In a letter to its top official, Jason Shoaf urged the Florida Department of Environmental Protection to step back from plans to fill a breach left behind by Hurricane Michael in T.H. Stone Memorial St. Joseph Peninsula State Park.
In his letter to Secretary Noah Valenstein, Shoaf said he believed the decision to fill the breach had been made “despite the community’s urging against it and without additional research to consider the environmental impacts.”
The letter was sent on stationary for his campaign, Jason Shoaf for State Representative, and detailed that Shoaf was a resident who lived through the storm and sees the remnants of the storm daily.
The letter followed by a few days a recent public town hall meeting at which plans for the park were unveiled.
Most particularly, the plans included partnering with the county on its late summer beach restoration project, which would now include filling the breach at Eagle Harbor.
Ultimately, the plans would also include restoring the main road running through the park as well a project to restore dune habitat wiped out by Michael.
For some at the meeting, the plans were a surprise.
“This seems a like a done deal,” said resident Dusty May, adding that during an early meeting DEP staff seemed to indicate the process would be lengthy and the public kept abreast.
Shoaf, in his letters, mentions that first town hall meeting in January.
“There is great concern in my community that the decision by the DEP did not fully consider the public’s input at the January meeting,” he wrote.
“Furthermore, environmental advocates in the community are seriously concerned that the environmental impacts have not been properly measured and fully evaluated before the decision to alter Mother Nature.”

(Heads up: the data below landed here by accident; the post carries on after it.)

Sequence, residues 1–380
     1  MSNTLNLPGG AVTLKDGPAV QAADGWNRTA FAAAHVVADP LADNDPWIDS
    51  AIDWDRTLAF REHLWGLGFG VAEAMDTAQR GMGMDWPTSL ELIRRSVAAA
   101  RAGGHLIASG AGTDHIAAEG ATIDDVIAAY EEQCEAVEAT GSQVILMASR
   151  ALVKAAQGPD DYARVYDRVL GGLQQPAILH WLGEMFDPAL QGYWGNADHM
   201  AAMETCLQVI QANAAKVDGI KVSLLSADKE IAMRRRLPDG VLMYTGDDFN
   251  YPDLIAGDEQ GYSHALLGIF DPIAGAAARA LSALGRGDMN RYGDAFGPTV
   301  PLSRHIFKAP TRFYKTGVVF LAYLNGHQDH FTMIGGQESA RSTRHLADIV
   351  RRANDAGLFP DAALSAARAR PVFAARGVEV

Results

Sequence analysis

The overwhelming public input, at least vocally, has been voiced in support of leaving the breach alone.
May is among many locals, and a member of an advocacy group to save and restore St. Joseph Bay, that believe the saltwater from the breach is a cleanser for the bay, mitigation in part for the freshwater canal.
The Defender’s of Wildlife have argued from the beginning that St. Joseph Bay should be the priority of any park plan.
On the other hand, Park Manager Mark Knapke said the overwhelming majority of public comments submitted by mail or email encourage the restoration of the camping area, which is north of the breach.
Camping is also one of the key ingredients for attendance which is among the highest in the state as well as the healthy revenue generated by the park.
And, the breach is also significantly filled, though not fully.
The depth is down to just a couple of feet, but the water continues to flow.
Given the mixed views and the sensitivity of the environment involved, Shoaf urged the DEP to hold off on its current plans.
“I urge you to delay the project to fill in the peninsula park’s breach until we can assess all the options and the consequences of each option,” Shoaf wrote. With more time, I am confident we can pursue a solution that is good for the economy, good for the environment and best for our community.”